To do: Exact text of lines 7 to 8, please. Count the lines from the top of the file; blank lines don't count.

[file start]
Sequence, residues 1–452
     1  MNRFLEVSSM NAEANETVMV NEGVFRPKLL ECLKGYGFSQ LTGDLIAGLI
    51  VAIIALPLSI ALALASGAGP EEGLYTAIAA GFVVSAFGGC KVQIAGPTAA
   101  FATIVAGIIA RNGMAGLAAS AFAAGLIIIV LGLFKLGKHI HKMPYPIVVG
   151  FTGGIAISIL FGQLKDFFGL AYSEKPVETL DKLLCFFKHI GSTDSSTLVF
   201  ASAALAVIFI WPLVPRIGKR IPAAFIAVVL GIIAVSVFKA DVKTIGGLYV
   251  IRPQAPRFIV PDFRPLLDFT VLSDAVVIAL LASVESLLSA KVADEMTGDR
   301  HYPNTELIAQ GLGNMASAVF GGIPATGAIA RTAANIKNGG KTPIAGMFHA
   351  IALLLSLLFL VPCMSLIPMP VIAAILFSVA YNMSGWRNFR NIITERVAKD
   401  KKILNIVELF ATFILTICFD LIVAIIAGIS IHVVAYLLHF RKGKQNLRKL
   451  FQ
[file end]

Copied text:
   251  IRPQAPRFIV PDFRPLLDFT VLSDAVVIAL LASVESLLSA KVADEMTGDR
   301  HYPNTELIAQ GLGNMASAVF GGIPATGAIA RTAANIKNGG KTPIAGMFHA